The chart above shows the CWB Final Pool Return for 2008-09 and 2009-10 and the latest PRO for 2010-11, all for Alberta farmers (straight black lines).  It also shows, as a reflection of the open market, the street prices in Montana (in Canadian dollars per tonne).  It clearly shows how the open market was dropping in 08-09, supporting the CWB’s view that further sales in the pool would bring its value down.  It also shows how the open market prices are rallying in 2010-11; CashPlus contracts based on current market prices would be higher than the PRO.  Favouring the pool accounts and not offering CashPlus is meant to drive malt barley selections into the pool.  This serves two purposes.  First, it is aimed at covering the CWB’s early sales of malt barley that were undoubtedly made when prices were lower.  Second, once any shortfall is covered, additional sales made through the pool account (if any) will be at higher prices which will support the pool returns.  This is particularly important right now since domestic feed barley prices are threatening to exceed the malt PRO.

There are a number of problems created with this approach of the CWB periodically selecting one program over another:
  • It provides farmers with only the lowest priced option. 
  • The risk management element of pooling through sharing all high and low sales is diminished when the pool is closed early. 
  • Access to market prices is lost when CashPlus is not offered.
  • Changing the rules midstream creates uncertainty; farmers used to have confidence that the malt barley pool would always be available – but not since 2008-09.  And farmers that appreciated the market-based pricing of CashPlus are left wondering why there is none offered.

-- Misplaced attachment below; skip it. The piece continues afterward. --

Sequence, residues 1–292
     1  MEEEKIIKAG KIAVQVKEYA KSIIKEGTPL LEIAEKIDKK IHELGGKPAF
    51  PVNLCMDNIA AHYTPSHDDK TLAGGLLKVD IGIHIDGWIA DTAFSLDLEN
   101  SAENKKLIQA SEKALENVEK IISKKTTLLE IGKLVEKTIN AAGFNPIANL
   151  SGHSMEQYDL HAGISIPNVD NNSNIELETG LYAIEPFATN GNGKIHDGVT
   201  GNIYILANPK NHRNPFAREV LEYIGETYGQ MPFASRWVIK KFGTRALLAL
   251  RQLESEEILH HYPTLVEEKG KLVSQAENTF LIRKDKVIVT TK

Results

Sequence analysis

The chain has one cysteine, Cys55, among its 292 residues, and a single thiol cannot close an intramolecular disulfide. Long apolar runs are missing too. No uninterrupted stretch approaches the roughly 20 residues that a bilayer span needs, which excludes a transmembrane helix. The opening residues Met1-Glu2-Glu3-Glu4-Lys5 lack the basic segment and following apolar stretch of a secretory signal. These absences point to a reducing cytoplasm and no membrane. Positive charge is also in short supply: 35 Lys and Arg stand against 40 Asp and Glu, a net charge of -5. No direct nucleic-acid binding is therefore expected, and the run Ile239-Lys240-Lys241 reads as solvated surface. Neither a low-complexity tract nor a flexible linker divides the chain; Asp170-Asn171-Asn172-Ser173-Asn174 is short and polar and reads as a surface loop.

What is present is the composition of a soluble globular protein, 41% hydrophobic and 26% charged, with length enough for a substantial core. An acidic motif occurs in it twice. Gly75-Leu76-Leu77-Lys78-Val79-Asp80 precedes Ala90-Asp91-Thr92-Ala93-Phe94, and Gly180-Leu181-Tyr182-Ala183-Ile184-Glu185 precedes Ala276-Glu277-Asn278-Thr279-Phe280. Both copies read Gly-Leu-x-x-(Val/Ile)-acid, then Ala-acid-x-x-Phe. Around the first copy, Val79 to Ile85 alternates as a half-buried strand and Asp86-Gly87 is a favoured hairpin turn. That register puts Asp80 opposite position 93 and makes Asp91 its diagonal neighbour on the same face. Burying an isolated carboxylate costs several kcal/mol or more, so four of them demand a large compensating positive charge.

• During a year when this choice between programs is made by the CWB, less malt barley is offered to maltsters as more of it moves into feed channels.  This makes things even more challenging to maltsters.
  • Ultimately, this approach to malt barley pricing to farmers does not help to attract malt barley acres, particularly important as crops increasingly compete for land.


The CWB should either go with a conventional pool OR go with CashPlus.  Wait – that won’t work.  We’ve seen that pooling malt barley doesn’t work because at times it can’t compete with the domestic feed market; that’s why CashPlus was invented in the first place.  And CashPlus on its own? Think about this:

Because CashPlus sales are meant to reflect the market, there is the real possibility that you have two buyers on the street with different prices – set by someone else.  You can say that the buyer with the lower price could simply raise his price to compete.  Sure – but that’s a problem when you’ve already sold malt based on the CWB price for barley.  It has been said that in this kind of situation (yes, it has happened), the CWB tries to equalize things by lowering the farmers’ guaranteed price on the higher priced sale.  If that’s the case, can you really say that the CashPlus contract is market-driven?

Another option is to devise a program where the malt prices are based on a futures contract.  It’s done in the US; malt barley is priced to farmers on a basis to Minneapolis spring wheat futures.  It’s a neat idea since malt barley needs to compete with spring wheat; as the price of spring wheat rises, so does the price of malt barley – until its priced by the farmer.

Here’s something that’ll work.  The CWB could treat malt barley like it treats organic grains.  For a fee paid to the CWB, farmers could sell malt barley directly to any buyer.

Or open up barley marketing completely and totally which would allow the market to figure out the best approach.


Saturday, March 5, 2011

CWB Farm Forums

CWB Farm Forum meetings hosted by farmer-elected directors are coming up.  I urge all farmers to get out and go to these meetings.  Press the directors on important issues – make them accountable.  Get the directors to answer your questions; you have every right to know more about the CWB than they are sharing.